Man of Steel

Man of SteelMake a better world than ours, Kal.

In our too-cool-for-school culture of the moment, there isn’t much room for simple enjoyment.  There’s just too much cynicism (combined with a “Hey, I know, I know!” impulse) to let clichés go without a remark and a roll of the eyes.  It’s understandable, if a little self-loathing, to think that something you can easily understand and process is somehow beneath you.  This is not to condone bad writing, acting, or short-changing development with clichés as short cuts.  Man of Steel (2013) certainly flirts with badness on a number of occasions, but it does have the bravery to be very un-clever, un-self-conscious, and relatively un-exploitative.  Compare that with Iron Man 3 (2013), which was clever, self-conscious, exploitative and enjoyable.  But it wasn’t remarkable.  Sure, neither is Man of Steel, but for different reasons.

Jor-El (Russell Crowe) and his wife Lara (Ayelet Zurer) have had a child illegally.  On Krypton, they have strict gestational rules akin (read: identical) to Huxley’s Brave New World.  But Krypton is about to be destroyed due to these Kryptonian’s foolish exploitation of their own natural resources, drilling into the core of their planet for energy.  Meanwhile, General Zod (Michael Shannon) has mounted a coup against the Counsel in a last-ditch effort to save the species from the Counsel’s stupidity.  In the chaos, Jor-El stole the Codex, intent on sending it with his son, Kal, to another world to make it possible for his species to survive.  Kal is sent to Earth and Zod’s coup fails.  As punishment, Zod and his followers are sent into the Phantom Zone for a period of time.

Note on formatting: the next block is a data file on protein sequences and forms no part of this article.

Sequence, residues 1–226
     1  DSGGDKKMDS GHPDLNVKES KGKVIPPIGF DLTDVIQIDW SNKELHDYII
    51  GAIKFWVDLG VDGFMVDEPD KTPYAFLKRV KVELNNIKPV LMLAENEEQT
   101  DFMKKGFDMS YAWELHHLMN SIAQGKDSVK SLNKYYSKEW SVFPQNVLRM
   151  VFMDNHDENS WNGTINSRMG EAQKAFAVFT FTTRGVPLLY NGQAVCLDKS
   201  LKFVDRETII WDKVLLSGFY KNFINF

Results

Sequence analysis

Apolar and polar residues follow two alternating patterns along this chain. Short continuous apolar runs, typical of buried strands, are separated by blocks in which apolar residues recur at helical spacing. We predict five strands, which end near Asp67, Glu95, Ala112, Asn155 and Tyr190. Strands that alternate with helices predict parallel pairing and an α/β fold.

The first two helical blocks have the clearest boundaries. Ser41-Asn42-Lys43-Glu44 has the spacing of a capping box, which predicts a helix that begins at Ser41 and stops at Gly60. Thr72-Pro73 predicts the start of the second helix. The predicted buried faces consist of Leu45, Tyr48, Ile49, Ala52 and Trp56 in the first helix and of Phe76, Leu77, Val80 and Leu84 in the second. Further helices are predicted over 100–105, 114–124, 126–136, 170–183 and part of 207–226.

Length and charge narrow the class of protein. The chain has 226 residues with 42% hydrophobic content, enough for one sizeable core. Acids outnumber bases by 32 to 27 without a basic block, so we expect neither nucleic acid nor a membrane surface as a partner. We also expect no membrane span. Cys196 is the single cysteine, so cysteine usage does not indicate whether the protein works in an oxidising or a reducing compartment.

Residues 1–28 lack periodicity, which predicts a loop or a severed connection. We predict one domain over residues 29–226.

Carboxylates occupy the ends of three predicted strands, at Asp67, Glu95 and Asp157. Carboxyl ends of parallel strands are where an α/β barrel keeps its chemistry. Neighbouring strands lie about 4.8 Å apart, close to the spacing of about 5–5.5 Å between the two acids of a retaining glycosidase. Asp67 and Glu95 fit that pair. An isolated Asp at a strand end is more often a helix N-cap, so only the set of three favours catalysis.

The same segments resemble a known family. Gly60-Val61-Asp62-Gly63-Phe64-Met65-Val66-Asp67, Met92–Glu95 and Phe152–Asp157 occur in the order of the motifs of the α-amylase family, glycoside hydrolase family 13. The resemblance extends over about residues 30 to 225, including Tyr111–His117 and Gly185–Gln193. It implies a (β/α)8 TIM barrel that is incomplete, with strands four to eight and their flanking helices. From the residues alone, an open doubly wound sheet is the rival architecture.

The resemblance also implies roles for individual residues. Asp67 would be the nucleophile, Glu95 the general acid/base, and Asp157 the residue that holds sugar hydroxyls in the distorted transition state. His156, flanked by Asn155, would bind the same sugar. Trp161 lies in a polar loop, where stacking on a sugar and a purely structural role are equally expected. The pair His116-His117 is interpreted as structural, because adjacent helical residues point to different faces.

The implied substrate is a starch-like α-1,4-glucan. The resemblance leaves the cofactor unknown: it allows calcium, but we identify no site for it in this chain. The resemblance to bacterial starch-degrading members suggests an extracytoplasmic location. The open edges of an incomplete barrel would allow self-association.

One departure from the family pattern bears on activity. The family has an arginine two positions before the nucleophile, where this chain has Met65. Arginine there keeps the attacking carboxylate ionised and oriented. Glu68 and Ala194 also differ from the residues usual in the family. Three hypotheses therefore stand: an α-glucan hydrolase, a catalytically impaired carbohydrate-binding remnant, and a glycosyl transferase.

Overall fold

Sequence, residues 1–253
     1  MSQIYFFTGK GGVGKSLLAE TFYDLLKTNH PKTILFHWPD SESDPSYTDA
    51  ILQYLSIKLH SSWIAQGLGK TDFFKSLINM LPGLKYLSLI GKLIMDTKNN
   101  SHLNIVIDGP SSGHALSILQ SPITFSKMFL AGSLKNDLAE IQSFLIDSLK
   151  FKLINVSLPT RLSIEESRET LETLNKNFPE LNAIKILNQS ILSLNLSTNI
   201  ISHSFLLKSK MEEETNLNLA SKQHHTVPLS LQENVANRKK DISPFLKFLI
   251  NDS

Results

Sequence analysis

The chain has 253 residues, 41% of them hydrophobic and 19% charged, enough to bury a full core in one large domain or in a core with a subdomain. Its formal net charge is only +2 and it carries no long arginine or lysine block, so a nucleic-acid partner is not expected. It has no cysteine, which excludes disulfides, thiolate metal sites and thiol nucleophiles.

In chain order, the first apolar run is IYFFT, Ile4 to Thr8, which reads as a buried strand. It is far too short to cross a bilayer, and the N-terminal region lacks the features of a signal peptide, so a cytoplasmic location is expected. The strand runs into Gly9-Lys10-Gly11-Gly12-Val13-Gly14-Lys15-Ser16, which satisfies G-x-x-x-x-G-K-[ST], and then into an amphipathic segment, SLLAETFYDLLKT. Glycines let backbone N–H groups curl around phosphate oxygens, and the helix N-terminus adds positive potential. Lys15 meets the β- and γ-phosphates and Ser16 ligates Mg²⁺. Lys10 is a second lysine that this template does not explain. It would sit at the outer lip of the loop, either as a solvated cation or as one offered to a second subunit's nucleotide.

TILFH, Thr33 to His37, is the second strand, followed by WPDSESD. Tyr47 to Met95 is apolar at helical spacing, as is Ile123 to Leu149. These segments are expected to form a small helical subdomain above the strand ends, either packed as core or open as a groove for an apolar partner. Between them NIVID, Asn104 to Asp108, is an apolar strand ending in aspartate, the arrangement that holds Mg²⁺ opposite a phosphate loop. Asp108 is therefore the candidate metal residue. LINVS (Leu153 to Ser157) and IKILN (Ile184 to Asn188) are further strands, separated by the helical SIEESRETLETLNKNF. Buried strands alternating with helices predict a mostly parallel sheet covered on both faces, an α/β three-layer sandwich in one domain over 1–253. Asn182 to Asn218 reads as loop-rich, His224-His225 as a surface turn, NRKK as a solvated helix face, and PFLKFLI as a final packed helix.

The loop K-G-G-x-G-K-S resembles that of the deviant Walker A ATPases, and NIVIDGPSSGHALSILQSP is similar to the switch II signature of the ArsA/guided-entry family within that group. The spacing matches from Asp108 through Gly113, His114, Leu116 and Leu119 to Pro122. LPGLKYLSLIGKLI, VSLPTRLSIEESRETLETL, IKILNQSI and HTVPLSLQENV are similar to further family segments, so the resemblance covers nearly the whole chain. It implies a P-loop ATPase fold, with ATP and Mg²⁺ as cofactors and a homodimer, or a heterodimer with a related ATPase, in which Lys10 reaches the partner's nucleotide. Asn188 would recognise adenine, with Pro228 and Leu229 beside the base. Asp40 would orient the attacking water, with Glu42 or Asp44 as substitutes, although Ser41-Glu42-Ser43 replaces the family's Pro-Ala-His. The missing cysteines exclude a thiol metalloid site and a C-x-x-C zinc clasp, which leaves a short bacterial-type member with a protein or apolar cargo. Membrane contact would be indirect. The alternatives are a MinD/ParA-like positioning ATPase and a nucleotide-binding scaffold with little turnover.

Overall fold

On Earth, Kal, raised by Martha (Diane Lane) and Jonathan Kent (Kevin Costner), a Kansas family, as their own son Clark (Cooper Timberline/ Dylan Sprayberry/Henry Cavill), the boy absorbs the sun’s radiation and manifests a number of impressive powers.  But this makes life difficult and he spends much of his life wandering around the world, trying to keep a low profile because his father, Jonathan, was afraid of what people would do to Clark if they ever found out.  Then, when an arctic expedition finds an unusual craft in the ice, this brings Clark in contact with Pulitzer Prize-winning journalist Louis Lane (Amy Adams) of the Daily Planet (edited by Perry White (Laurence Fishburne)) and then things get more complicated.

I don’t have a problem with a cliché when it’s thematic or concerns story arcs.  There aren’t that many story frameworks that apply to a super-hero story.  What I do have a problem with is the repetition of a device.  Independence Day (1996) has really created this fantasy device that will not be denied.  Flying up into a thing’s oddly sensitive part that destroys the whole thing.  Now that I say that, maybe I mean Star Wars (1977).  No, I mean Independence Day because it isn’t just shooting the thing, it’s kamikazeing the alien craft with success.  But who’s to complain, it’s a good device creating a moment of sacrifice and catharsis.  But there’s that other device, which has never been good, possibly originating in Die Hard (1988), where a/the villain has one last shocking chance to do bad things.  That’s never been good.